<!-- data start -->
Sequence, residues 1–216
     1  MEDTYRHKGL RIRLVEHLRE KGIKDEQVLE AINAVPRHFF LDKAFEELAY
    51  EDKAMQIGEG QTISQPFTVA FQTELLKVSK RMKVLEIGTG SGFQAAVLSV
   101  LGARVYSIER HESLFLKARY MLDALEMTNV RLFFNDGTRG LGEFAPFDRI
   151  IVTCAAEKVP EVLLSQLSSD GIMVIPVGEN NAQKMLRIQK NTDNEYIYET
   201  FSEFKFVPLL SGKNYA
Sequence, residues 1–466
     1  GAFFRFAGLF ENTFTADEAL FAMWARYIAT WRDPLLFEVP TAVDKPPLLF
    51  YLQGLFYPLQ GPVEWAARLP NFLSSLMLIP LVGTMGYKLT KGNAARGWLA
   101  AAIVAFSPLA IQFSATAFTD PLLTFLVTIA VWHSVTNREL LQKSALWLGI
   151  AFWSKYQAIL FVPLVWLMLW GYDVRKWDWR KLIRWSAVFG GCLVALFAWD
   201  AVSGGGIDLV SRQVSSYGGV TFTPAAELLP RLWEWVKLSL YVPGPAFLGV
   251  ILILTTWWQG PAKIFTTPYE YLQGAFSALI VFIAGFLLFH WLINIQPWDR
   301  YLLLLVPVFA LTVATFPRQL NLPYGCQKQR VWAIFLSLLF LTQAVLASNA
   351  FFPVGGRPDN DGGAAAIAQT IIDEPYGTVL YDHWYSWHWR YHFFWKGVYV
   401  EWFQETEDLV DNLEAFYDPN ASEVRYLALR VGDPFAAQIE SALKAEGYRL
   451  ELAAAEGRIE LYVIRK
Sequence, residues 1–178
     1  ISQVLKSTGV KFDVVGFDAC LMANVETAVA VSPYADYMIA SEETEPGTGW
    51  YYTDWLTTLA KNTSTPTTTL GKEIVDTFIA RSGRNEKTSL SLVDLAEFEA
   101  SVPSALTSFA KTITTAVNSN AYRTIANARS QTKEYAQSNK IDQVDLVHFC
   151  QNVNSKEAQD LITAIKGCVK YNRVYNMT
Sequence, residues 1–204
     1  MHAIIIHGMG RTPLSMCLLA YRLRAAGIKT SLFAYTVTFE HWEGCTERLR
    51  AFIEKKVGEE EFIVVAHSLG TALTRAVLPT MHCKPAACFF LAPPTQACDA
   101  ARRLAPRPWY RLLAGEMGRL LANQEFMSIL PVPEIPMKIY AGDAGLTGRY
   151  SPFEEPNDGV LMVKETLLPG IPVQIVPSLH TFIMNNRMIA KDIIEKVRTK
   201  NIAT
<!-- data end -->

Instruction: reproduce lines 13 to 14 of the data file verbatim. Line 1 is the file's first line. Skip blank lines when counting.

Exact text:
   251  ILILTTWWQG PAKIFTTPYE YLQGAFSALI VFIAGFLLFH WLINIQPWDR
   301  YLLLLVPVFA LTVATFPRQL NLPYGCQKQR VWAIFLSLLF LTQAVLASNA